And Romanian, when spoken, sounds strikingly similar to Italian to me.
With written Portuguese, it is clearly Spanish's twin sister. When spoken, it sounds like a Franco-Spanish hybrid.
Portuguese, especially Brasilian Portuguese sounds like Romanian spoken by Moldovans.
Portuguese seem able to understand basic level Spanish when I encounter them, while some Italians do not.
The other day, I asked a group of Brazilians where they were from.
"De donde es usted? Es usted de Espana?"
I don't think Italians would understand this sentence, because it is rather different than the Italian equivalent.
This is, I'm sure an isolated case, but even so....
««I think Portuguese and Spanish, which both share an influential Arabic element, seem to be the closest to each other.»»
They are the closest ones but it is not because of the Arabic element although they share many Arab words.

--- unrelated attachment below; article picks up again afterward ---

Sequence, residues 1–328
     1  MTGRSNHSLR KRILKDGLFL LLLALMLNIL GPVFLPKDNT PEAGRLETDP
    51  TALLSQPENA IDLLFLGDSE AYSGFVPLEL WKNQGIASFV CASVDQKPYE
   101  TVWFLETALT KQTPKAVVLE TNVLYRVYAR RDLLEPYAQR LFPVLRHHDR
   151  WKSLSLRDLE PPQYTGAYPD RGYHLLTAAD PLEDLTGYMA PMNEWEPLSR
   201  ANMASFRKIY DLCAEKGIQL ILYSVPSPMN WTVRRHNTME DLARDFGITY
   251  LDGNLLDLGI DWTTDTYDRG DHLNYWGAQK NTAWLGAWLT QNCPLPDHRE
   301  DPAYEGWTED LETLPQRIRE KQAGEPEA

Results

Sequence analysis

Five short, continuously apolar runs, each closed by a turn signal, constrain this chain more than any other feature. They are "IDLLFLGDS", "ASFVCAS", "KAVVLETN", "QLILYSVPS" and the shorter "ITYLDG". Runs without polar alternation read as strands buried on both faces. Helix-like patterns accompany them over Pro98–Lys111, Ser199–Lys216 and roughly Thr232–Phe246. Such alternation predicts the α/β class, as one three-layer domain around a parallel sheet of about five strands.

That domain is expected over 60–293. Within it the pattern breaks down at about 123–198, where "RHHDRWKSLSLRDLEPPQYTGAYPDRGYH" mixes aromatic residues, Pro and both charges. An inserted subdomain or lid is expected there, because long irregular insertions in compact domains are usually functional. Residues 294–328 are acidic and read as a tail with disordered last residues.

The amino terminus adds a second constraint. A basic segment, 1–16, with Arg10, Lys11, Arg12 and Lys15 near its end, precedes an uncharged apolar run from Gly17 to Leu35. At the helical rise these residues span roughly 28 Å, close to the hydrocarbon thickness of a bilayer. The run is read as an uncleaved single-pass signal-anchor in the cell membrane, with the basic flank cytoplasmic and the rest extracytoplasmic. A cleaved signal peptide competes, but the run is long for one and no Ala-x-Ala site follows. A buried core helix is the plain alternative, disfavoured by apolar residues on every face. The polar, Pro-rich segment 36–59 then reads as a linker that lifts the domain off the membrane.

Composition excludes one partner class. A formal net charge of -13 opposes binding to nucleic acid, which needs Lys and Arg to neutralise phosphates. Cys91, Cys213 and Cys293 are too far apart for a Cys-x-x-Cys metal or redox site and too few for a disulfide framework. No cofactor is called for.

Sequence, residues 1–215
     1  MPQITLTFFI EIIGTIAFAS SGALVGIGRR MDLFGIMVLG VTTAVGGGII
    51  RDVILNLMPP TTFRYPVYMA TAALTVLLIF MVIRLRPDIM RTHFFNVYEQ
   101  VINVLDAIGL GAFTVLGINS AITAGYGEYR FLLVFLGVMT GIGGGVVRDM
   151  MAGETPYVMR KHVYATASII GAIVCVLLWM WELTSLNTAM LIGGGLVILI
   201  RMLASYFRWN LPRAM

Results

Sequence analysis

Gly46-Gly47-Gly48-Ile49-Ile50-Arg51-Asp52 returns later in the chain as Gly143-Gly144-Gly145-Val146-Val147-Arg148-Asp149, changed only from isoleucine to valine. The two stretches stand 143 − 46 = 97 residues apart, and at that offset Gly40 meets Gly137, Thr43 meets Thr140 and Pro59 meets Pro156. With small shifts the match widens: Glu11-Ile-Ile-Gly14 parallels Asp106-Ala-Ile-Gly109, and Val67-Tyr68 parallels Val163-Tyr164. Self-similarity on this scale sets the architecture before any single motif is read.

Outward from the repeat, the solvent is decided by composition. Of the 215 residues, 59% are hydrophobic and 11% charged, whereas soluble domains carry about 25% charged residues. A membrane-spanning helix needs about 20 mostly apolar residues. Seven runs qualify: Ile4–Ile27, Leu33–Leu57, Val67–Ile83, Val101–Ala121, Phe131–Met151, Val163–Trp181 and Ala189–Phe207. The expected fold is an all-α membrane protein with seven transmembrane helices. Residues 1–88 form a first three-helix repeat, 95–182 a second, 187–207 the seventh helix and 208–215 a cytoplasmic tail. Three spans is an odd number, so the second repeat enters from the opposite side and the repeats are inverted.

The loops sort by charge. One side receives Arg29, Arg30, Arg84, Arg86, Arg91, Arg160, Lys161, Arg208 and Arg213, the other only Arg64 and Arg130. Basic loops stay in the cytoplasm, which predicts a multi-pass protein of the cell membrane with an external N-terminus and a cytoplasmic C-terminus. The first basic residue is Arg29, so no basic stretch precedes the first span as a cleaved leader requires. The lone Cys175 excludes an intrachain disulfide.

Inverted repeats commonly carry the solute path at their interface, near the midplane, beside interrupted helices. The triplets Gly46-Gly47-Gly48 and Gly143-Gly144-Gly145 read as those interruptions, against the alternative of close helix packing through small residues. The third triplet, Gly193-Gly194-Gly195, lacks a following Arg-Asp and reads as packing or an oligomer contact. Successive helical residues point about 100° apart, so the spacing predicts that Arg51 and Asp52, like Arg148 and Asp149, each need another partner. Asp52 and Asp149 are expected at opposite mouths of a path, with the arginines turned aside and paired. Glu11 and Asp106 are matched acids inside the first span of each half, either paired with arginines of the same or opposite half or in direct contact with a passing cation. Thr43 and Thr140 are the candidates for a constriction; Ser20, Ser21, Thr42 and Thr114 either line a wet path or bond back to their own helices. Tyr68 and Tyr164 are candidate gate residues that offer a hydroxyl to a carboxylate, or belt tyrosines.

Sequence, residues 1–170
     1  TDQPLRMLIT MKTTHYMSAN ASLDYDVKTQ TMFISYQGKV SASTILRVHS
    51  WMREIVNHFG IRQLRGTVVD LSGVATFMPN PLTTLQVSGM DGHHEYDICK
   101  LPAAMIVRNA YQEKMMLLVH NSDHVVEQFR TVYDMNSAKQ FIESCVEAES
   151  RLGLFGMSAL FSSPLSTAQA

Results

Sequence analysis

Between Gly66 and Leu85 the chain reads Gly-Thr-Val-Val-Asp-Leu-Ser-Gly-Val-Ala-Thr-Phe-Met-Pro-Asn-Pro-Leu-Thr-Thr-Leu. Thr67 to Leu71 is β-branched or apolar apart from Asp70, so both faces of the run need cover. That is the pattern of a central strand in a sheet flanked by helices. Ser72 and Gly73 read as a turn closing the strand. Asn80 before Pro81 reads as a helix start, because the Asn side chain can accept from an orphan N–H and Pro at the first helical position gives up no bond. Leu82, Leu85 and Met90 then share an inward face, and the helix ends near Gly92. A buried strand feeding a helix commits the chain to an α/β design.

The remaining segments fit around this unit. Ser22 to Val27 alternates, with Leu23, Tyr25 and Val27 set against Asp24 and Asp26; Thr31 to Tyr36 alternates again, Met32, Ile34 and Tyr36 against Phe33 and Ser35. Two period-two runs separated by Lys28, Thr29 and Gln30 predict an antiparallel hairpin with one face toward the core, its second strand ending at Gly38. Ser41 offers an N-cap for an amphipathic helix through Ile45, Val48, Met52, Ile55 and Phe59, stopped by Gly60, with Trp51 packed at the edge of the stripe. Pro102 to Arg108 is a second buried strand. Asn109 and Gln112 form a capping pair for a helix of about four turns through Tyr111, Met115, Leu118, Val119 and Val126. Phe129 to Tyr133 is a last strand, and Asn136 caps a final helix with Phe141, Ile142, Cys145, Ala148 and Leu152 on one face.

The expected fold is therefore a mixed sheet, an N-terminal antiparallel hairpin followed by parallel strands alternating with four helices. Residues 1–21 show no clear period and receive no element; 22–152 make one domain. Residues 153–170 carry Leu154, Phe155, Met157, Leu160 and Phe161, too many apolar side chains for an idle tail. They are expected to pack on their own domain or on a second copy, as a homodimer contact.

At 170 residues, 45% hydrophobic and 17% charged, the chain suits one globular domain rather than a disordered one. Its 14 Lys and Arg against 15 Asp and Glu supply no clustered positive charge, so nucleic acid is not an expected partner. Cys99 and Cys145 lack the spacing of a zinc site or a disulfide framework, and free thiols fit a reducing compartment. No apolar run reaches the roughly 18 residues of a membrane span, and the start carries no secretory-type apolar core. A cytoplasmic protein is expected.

Portuguese has about 1000 Arab words, the same as English.
Spanish has about 5000 Arab words (remember, Boabdil surrended only in 1492).
French has about 500 Arab words (more?).
««With written Portuguese, it is clearly Spanish's twin sister. When spoken, it sounds like a Franco-Spanish hybrid. »»
Quite an exageration. Portuguese sounds like.... Portuguese. And it is not Spanish "twin sister" all Latin Iberian languages are sisters but none are twins, that would be saying they are the same language.
No matter how much people try to say Portuguese sound like another known language we end up with people saying Portuguese sounds like Russian, French, German, Spanish, Polish.... or a mixture of any of these.
Portuguese sounds like languages of Slavic, Germanic and Latin branches?
Portugues sounds like Portuguese; French sounds like French; Spanish sounds like Spanish.
We're discussing the relationships between the various major Romance languages, so yes, we are drawing comparisions and contrasts.
<<This is what most of the books say and even what some Spanish speakers I've talked to about it say. Yet, when you talk to Italians you get a different story. They don't think that Romanian is much like Italian at all.>>